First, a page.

Giant squid and sperm whale clashes: between myths and truth


Giant squid and sperm whale clashes: between myths and truth

Sperm whales are able to dive up to 3 km deep and can remain on the ocean floor for up to 90 minutes. The most typical dives are around 400m deep, last 30-45 minutes and are generally done towards the north. They possess three tons of blood, which carries enough oxygen to aid them in their deep dives; thus they can go twenty times deeper than a human can.

They feed on a wide range of species, especially giant squid, octopus, and various different species of fish, such as deep-sea rays and some shark species, but the bulk of their diet consists of medium-sized squid. Almost everything we know about deep-sea squid has been gleaned from specimens found in the stomachs of captured sperm whales.

The tales of titanic battles between sperm whales and giant squid, which are believed to reach 13 m, are perhaps the result of legends, given that even the largest giant squid weigh only 300 kg, negligible weight compared to even a few tons of a young sperm whale specimen.

Although recently a 495kg colossal squid was caught by New Zealand fishermen in the Ross Sea. However, the white scars on the bodies of sperm whales are believed to be caused by squid or the teeth of other males. Giant squid is considered the main diet of sperm whales.

Thefts of pollack and nototenids caught with gillnets are well known, and also well documented. It is believed that this characteristic is also typical of other whales or small ones. It is hypothesized that the sharp beaks of consumed squid, contained in the intestine of the whale, induce the production of ambergris, similarly to the production of pearls.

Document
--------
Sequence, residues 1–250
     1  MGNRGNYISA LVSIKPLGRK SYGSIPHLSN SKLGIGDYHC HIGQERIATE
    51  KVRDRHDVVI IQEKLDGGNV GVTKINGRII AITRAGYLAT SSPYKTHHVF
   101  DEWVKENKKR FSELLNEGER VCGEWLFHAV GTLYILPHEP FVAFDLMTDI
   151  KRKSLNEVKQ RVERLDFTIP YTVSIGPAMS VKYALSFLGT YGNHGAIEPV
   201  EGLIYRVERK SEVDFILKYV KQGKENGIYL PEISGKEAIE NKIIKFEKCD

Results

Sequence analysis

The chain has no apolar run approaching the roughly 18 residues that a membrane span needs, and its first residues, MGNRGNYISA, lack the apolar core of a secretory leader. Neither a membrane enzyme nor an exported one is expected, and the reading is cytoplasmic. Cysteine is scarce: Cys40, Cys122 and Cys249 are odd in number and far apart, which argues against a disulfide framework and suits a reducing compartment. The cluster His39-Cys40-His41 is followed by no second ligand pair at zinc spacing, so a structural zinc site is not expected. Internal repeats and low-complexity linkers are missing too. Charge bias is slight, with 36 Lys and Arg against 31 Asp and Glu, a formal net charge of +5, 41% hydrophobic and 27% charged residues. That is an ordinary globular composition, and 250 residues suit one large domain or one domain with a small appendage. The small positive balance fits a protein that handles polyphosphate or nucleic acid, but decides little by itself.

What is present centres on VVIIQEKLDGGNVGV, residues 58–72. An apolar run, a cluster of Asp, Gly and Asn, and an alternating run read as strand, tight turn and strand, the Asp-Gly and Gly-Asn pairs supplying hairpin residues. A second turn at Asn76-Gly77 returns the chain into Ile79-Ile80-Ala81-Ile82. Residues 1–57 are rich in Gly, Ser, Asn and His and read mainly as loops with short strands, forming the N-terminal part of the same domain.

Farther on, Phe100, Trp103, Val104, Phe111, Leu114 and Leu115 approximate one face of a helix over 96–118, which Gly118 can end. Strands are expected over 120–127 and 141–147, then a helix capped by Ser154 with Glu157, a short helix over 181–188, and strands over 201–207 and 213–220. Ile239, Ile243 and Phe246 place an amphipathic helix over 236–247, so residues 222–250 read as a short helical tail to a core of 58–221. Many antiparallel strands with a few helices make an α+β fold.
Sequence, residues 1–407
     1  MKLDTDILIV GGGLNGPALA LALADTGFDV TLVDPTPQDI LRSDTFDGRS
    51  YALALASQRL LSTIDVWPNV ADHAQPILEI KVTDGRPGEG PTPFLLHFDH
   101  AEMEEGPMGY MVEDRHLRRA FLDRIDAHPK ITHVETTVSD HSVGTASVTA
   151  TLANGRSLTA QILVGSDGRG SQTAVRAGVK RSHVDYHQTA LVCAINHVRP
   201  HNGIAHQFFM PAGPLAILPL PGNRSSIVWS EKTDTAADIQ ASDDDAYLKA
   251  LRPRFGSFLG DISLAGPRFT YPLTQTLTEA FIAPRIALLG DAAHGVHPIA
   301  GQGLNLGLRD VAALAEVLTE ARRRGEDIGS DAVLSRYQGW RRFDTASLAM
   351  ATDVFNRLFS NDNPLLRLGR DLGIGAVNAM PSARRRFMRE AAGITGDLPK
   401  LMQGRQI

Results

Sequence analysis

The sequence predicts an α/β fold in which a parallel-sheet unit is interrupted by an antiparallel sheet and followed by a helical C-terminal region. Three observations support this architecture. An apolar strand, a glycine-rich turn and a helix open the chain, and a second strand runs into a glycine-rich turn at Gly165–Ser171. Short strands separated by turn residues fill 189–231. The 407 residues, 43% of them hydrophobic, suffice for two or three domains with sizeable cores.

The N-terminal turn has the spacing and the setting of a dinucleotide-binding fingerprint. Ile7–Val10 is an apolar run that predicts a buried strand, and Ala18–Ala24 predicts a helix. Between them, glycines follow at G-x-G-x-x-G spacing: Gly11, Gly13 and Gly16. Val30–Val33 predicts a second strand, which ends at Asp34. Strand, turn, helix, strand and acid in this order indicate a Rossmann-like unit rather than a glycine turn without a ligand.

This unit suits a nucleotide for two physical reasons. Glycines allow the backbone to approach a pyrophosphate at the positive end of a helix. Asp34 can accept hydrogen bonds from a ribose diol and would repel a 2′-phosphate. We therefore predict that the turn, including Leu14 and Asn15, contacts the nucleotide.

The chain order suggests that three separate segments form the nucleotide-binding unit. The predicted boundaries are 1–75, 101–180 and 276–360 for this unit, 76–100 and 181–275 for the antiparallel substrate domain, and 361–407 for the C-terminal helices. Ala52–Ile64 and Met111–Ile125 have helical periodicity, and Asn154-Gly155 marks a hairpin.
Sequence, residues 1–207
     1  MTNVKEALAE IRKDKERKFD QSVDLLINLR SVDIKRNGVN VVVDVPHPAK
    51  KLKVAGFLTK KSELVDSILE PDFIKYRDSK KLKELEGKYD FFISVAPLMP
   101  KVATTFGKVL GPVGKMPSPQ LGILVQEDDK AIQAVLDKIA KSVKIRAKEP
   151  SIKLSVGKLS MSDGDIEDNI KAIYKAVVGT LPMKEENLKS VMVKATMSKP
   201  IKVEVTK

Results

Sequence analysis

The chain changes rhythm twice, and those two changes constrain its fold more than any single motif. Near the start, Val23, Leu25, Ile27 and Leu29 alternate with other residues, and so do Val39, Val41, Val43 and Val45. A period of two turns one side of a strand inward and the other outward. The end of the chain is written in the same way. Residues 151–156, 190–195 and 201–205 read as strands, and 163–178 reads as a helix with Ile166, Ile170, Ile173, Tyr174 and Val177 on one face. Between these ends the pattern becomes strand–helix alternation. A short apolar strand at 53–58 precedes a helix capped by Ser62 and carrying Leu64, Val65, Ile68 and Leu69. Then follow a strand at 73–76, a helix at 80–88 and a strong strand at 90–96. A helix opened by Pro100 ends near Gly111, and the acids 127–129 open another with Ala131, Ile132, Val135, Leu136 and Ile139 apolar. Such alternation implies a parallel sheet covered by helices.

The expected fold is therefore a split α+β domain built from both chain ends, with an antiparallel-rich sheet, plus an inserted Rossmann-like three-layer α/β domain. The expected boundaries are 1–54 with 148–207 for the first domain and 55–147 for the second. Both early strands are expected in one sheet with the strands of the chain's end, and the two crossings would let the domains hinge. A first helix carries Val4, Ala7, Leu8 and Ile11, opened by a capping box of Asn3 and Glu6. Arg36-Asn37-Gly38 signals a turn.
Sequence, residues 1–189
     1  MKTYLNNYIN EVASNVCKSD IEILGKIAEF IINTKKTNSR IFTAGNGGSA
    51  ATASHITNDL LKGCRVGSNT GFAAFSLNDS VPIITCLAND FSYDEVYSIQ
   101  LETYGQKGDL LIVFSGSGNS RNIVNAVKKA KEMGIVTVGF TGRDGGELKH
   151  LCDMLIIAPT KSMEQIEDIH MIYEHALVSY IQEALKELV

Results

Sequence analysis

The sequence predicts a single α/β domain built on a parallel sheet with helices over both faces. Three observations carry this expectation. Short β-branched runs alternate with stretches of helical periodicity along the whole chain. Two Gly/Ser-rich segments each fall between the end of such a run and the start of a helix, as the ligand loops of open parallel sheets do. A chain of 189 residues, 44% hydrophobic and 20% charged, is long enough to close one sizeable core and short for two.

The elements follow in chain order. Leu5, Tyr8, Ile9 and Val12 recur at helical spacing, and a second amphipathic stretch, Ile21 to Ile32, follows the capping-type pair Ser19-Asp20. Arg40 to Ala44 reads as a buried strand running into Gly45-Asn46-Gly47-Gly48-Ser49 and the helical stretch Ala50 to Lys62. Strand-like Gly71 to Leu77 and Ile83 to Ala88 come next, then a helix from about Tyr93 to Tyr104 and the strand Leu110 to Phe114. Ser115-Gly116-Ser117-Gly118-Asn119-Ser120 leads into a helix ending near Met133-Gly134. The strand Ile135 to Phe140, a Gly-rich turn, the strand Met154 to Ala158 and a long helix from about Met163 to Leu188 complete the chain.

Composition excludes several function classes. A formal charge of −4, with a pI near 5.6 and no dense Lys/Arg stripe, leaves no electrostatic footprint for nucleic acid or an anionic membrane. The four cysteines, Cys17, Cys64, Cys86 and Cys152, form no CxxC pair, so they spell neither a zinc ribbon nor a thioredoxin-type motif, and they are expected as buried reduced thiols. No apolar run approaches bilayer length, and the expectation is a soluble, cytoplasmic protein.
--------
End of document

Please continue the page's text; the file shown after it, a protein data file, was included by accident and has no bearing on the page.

The irritation of the intestines caused by the beaks stimulates the secretion of this lubricant-like substance. Sperm whales are extraordinary eaters, ingesting food totaling 3% of their body weight each day. The annual prey consumption of sperm whales around the world is estimated to be 100 million tons - as much as the weight of marine animals consumed annually by humans.

The only predator that attacks sperm whales, besides humans, is the orca. Large roving pods of orcas frequently attack groups of females and calves, usually trying to separate the baby sperm whale and kill it. Often female sperm whales can repel these attacks, forming a circle with their young in the center and then violently flapping their tails, thus preventing orcas from penetrating the formation.

If the pod of killer whales is extremely large, they may sometimes kill even adult females. Large male sperm whales have no predators, as even killer whales can be killed by these aggressive and powerful creatures. Fishing trips with gillnets in the Gulf of Alaska have recorded that numerous sperm whales took advantage of them, feeding on the fish left attached to the hooks, thus saving these whales from hunting operations.

However, the amount of fish thus obtained is very small compared to the daily food requirement of the sperm whale. Recent video footage has been captured of a large male sperm whale raiding a gillnet to earn some fish.